After that silliness, we loaded up into our bus on the way to Bartlett High School, the start line for the Marathon. The race was scheduled to begin at 7:30 AM, and we arrived sometime around 6:30. It was a cloudy, cold morning, especially for us South Floridians — windy, a bit damp (but not rainy), and cool in the low/mid 50s. Absolutely PERFECT running weather, but enough to send us scurrying indoors while waiting for the race to begin. The school interior reminded me of that from The Breakfast Club, for some reason. It had that “feel”, ya know? I resisted the urge to run through the halls singing about wanting to be an Air Force Ranger. Life’s too short.
Here’s a collage of all the dorky pics we ended up taking while waiting:
And here’s our cool group shot:
Eventually we moseyed on down to the Start Line and got into position, ready to begin our adventure. It began with the presentation of the flags and a pre-recorded broadcast of Alaska’s Flag Song, sung by the late Mike McDonald. I wanted to record the entire ceremony, but I kept forgettin’.
Please someone somewhere tell me you got that…
Afterward we had a soulful rendition of the National Anthem — listen we might have been a stone’s throw from Sarah Palin’s Russian neighbors or Santa’s Slave Pens, but we were still in America goshdurnit! — and by just around 7:30 AM the countdown began and with some the fanfare of airhorns and cheering, we were off on our 26.2-mile adventure through the trails, streets, and wilderness of Anchorage, Alaska. The 2015 Mayor’s Midnight Sun Marathon was off and running!
Let’s begin, as always, with a look at our Marathon course, courtesy of my Garmin 920XT and Google Maps:
This scenic, wilderness-laden course took us across and over roads, trails, streams, and wildlife throughout Anchorage its surrounding parks and foothills! After leaving Bartlett High School, we headed north-east adjacent to the Glenn Highway, looping around at Mile 4 to the south-east. At around mile 5.5, the path took us south-east down Arctic Valley Road until we reached Oilwell Road. This dirt trail took us uphill and in a westward direction until we turned south at the Bulldog Trail, spending nearly 7 miles travelling through trails, woods, rolling hills, and wilderness. The grass trails turned back into pavement at Basher Drive and Campbell Airstrip Road, which led north out of the wilderness and parks, turning west onto East Tudor Road around roughly Mile 18. A series of turns onto Doctor Martin Luther King Jr Avenue, Campbell Creek Trail, and University Lake Trail had us turning west and north until we were moving throughout the scenic Goose Lake Park on the APU Trail. Mile 22 brought us westward on the Chester Creek Trail, past scenic homes, Davenport Fields, and the Chester Creek Greenbelt Park, depositing us at Westchester Lagoon and Margaret Eagan Sullivan Park at mile 25. From there it was a last-minute push up and down the local neighborhood streets before we finally reached the Finish Line at western edge of Delaney Park in downtown Anchorage.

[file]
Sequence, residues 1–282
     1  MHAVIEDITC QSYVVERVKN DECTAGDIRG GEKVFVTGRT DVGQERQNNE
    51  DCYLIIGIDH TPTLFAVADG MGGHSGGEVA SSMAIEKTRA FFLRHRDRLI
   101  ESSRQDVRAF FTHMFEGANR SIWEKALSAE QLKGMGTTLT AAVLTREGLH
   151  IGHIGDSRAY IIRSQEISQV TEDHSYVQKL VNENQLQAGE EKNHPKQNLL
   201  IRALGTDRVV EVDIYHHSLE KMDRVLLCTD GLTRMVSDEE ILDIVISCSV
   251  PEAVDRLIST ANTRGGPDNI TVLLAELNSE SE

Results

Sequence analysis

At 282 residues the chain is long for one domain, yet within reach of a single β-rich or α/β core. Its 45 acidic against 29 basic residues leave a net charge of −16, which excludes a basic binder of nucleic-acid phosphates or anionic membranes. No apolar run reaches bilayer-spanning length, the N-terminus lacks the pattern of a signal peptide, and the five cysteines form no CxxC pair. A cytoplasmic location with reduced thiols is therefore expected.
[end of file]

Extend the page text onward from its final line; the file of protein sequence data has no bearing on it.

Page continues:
WHEW! Even typing that made me a little winded…
Kristi and I set off at an even pace with 4:1 intervals, with absolutely zero expectations or hopes of running at a competitive pace. We were there to just enjoy the scenery and have fun, period. Certainly the weather was cooperating nicely. The race started at about 55 degrees with cool and light breezes, cloudy skies and overcast weather but with no rain, ensuring comfortable running conditions. Actually it felt perfect to me. There was no sun bearing down on us, the humidity level was perfect (cool Alaska humidity sure as heck beats steamy Florida humidity any day), and the lack of rain meant no muddy, slippery, unsafe conditions on the gravel, dirt, and trails.
The first four miles mostly took place on a paved trail adjacent to the Glenn Highway. Things were a little tight here but definitely manageable. We even made friendly conversation with lots of fellow runners, including a group of Marathon Maniacs from all over the country. It seemed that the race was a destination event for lots of people. One Maniac I spoke with was running his 96th marathon in his 48th state. My God. This was number 6 for me. I better get crackin’…